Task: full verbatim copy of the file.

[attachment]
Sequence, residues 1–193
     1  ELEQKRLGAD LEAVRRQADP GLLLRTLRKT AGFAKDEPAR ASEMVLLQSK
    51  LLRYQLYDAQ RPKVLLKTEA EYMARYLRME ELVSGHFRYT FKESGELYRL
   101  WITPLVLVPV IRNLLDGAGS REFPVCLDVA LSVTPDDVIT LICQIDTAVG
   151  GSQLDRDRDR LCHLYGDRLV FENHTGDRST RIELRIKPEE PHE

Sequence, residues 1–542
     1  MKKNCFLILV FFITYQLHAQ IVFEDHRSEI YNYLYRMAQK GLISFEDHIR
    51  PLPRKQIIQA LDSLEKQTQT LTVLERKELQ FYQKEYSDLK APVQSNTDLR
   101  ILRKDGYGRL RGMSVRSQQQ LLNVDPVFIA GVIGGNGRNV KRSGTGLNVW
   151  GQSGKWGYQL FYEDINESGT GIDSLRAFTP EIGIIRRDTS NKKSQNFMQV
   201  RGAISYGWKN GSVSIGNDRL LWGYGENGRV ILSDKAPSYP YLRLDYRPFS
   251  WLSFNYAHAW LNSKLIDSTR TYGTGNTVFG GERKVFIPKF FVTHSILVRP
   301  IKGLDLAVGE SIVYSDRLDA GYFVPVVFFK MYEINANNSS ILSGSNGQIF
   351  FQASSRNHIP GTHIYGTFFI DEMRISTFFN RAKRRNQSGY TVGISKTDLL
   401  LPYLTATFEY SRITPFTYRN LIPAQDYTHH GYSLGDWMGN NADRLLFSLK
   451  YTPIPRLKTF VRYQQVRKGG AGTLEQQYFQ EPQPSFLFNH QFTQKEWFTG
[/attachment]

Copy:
Sequence, residues 1–193
     1  ELEQKRLGAD LEAVRRQADP GLLLRTLRKT AGFAKDEPAR ASEMVLLQSK
    51  LLRYQLYDAQ RPKVLLKTEA EYMARYLRME ELVSGHFRYT FKESGELYRL
   101  WITPLVLVPV IRNLLDGAGS REFPVCLDVA LSVTPDDVIT LICQIDTAVG
   151  GSQLDRDRDR LCHLYGDRLV FENHTGDRST RIELRIKPEE PHE

Sequence, residues 1–542
     1  MKKNCFLILV FFITYQLHAQ IVFEDHRSEI YNYLYRMAQK GLISFEDHIR
    51  PLPRKQIIQA LDSLEKQTQT LTVLERKELQ FYQKEYSDLK APVQSNTDLR
   101  ILRKDGYGRL RGMSVRSQQQ LLNVDPVFIA GVIGGNGRNV KRSGTGLNVW
   151  GQSGKWGYQL FYEDINESGT GIDSLRAFTP EIGIIRRDTS NKKSQNFMQV
   201  RGAISYGWKN GSVSIGNDRL LWGYGENGRV ILSDKAPSYP YLRLDYRPFS
   251  WLSFNYAHAW LNSKLIDSTR TYGTGNTVFG GERKVFIPKF FVTHSILVRP
   301  IKGLDLAVGE SIVYSDRLDA GYFVPVVFFK MYEINANNSS ILSGSNGQIF
   351  FQASSRNHIP GTHIYGTFFI DEMRISTFFN RAKRRNQSGY TVGISKTDLL
   401  LPYLTATFEY SRITPFTYRN LIPAQDYTHH GYSLGDWMGN NADRLLFSLK
   451  YTPIPRLKTF VRYQQVRKGG AGTLEQQYFQ EPQPSFLFNH QFTQKEWFTG